Oldest HGVs to pay £300 daily fee to enter Greater London from October 2020

 

Older HGVs will face fines of up to £300 to enter the Greater London area from 26 October 2020, mayor Sadiq Khan confirmed today (8 June).

Following consultation, the mayor has announced he is to tighten the emissions requirement for the existing London Low Emission Zone (LEZ) from Euro-4 to Euro-6 for vehicles over 3.5-tonnes.

This will see Euro-4 and Euro-5 trucks paying a daily fee of £100 to enter the existing LEZ area, and Euro-3 and older paying £300.

The mayor is also extending the Ultra Low Emission Zone (ULEZ) area up to the North and South Circular roads from 25 October 2021, following its initial central London rollout on 8 April 2019.

While the ULEZ expansion will not affect HGVs, which will already be covered by extended LEZ regulations, it will require cars and vans to be Euro-4 petrol or Euro-6 diesel or pay a £12.50 daily charge,

Both schemes will operate 24 hours, all-year round and be in addition to the current Congestion Charge.

The new ULEZ will cover an area 18 times larger than the existing central London zone.

An estimate of 35,000 vans and 3,000 lorries has been given by the mayor’s office for those that might be affected by the new plans.

The mayor said the expansion of the two schemes will reduce air pollution by as much as 80%, with only 4% of roads in outer London expected to be exceeding legal air quality limits in 2021.

Khan said: “Tackling London’s lethal air and safeguarding the health of Londoners requires bold action. Air pollution is a national health crisis and I refuse to stand back as thousands of Londoners breathe in air so filthy that it shortens our life expectancy, harms our lungs and worsens chronic illness.”

The FTA and RHA both urged the mayor to delay the tightening of any emissions schemes to enable operators time to upgrade their fleets.

 

Licence curtailment for Welsh operator after AdBlue cheating

 

A Welsh operator that fitted AdBlue cheating devices to at least 20 vehicles in its fleet has had its licence curtailed. 

Its transport manager Dafydd Price Thomas, who is also a director, has been disqualified indefinitely as transport manager. The firm has lost its professional competence pending the appointment of a new transport manager.

Gwynedd Environmental Services holds a standard national licence for 25 vehicles and 25 trailers but this will be cut to 10 vehicles for three months from 17th June.

A Welshpool public inquiry (PI) heard that in August last year an S-marked prohibition was issued against one of the company’s vehicle’s for having an AdBlue emulator. Nearly three months later an unannounced visit to the company’s premises found that there were approximately 20 vehicles operating with cheat devices.

The company told the DVSA that the devices had been fitted to overcome technical difficulties with emissions warning systems. It denied any intention to deceive and said that the cost of putting the emulators in was greater than any savings made. It admitted that not removing the devices was a failing.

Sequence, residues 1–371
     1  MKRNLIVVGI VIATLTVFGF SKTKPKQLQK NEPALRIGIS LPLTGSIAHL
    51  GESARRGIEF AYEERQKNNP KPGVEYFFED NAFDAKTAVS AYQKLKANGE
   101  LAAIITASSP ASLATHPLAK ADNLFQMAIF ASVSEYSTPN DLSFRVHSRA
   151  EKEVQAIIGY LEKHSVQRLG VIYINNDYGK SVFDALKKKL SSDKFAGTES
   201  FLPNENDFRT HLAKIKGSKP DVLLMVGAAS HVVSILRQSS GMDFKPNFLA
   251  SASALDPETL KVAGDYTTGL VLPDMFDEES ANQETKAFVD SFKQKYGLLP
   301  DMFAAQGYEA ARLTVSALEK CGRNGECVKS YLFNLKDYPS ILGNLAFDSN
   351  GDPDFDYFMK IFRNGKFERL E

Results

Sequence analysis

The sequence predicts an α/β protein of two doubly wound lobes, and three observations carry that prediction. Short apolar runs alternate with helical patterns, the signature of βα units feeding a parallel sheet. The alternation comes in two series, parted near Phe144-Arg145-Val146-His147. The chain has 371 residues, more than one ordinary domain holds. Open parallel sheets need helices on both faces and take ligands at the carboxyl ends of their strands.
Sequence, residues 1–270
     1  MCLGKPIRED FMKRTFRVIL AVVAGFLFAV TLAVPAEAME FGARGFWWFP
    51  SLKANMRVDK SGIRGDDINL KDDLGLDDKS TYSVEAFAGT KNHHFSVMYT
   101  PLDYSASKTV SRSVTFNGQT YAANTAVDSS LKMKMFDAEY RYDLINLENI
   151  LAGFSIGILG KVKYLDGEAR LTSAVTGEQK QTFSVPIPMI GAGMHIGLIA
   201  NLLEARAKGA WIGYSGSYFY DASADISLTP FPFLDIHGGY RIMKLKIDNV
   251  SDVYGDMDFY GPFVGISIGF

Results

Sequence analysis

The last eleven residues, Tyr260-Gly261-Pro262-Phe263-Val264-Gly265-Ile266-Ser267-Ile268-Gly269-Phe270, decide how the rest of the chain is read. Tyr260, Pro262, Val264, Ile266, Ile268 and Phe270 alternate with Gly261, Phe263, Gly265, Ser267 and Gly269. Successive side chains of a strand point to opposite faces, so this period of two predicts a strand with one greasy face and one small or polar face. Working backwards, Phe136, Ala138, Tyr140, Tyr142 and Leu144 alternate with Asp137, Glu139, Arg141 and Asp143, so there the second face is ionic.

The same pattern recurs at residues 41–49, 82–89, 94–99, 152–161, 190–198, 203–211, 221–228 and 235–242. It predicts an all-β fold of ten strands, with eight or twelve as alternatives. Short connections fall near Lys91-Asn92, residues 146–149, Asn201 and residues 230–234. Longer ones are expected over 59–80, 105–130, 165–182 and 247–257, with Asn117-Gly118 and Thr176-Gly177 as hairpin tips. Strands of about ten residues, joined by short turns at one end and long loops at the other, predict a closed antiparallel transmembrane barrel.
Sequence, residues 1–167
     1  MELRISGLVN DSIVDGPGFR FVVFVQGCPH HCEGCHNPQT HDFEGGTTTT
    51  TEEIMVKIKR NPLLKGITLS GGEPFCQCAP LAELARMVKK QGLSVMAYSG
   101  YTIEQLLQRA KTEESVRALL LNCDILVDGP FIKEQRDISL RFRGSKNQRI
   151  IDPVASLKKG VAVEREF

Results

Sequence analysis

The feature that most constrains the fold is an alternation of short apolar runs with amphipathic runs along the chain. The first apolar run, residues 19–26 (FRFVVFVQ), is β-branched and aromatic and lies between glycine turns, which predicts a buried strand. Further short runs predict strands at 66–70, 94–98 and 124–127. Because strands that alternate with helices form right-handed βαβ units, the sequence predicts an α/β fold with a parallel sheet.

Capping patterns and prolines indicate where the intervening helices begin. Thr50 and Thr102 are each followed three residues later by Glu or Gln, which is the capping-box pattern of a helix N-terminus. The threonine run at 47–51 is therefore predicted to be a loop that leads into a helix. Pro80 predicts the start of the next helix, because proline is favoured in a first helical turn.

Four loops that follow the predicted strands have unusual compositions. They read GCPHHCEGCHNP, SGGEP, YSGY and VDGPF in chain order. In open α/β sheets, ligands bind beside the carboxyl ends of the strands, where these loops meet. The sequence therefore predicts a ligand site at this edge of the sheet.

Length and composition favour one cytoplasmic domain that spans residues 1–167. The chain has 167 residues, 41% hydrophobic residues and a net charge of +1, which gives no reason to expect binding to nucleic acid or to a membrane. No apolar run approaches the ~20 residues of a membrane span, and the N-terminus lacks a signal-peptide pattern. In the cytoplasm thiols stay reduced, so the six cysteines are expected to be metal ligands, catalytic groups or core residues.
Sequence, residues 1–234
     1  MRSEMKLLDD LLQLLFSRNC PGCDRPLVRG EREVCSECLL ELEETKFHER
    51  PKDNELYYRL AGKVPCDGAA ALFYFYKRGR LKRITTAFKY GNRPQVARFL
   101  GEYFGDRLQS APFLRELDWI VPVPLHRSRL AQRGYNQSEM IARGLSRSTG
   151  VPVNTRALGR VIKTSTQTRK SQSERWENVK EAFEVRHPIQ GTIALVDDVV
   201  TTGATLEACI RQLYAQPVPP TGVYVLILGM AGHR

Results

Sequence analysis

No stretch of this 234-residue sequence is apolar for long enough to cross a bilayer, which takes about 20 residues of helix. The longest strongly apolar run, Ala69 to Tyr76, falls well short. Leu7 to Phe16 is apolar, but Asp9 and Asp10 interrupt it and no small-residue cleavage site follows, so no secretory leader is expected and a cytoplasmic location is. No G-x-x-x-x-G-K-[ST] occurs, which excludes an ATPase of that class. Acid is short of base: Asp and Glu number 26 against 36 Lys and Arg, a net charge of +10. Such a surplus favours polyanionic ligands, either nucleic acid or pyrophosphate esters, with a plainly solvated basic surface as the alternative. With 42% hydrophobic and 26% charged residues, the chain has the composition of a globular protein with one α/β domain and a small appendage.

For the PI the firm was asked to provide “written evidence confirming where and when the emissions devices were installed, including the paperwork showing the costs”. It was also asked for maintenance records showing the devices being installed. 

Some paperwork was sent but the written decision of the PI observed that “there was no clear schedule or invoices linking the emissions emulators to 20 plus specific vehicles fitted with the devices”.
At the inquiry the company accepted the evidence of the DVSA in its entirety.

In his conclusions DTC Anthony Seculer said that he found company’s evidence on the fitting of the cheat devices “entirely unsatisfactory”.  

He added: “The very name of the company, Gwynedd Environmental Services, demonstrates that environmental issues must be at the core of their existence so to suggest that ignorance and naivety are at the root of their failings in this case defies common sense and reasonable belief.”

Seculer added: “The operator company has engaged in cheating of environmental regulations over a three year period. That cheating continued in approximately 20 vehicles from an authorised fleet of 25, for 82 days after the detection of the first emulator device. 

"The operator company’s actions risk harm to the environment and public health, including life expectancy in the long term.  The effect on fair competition is not just reflected in the financial savings in purchasing AdBlue, which it is submitted by the operator’s representative is insignificant in this case. 

"It is also reflected in the savings in maintaining a properly functioning vehicle emissions warning system and remedying any faults in levels of pollutants being emitted. Environmental cheating on this scale fundamentally undermines public confidence in the road haulage industry as well.”

In addition to the licence curtailment, Seculer ruled that the company must “obtain a full independent audit of maintenance and traffic compliance systems, including tachographs and drivers’ hours, by 30th September 2018 and annually thereafter”.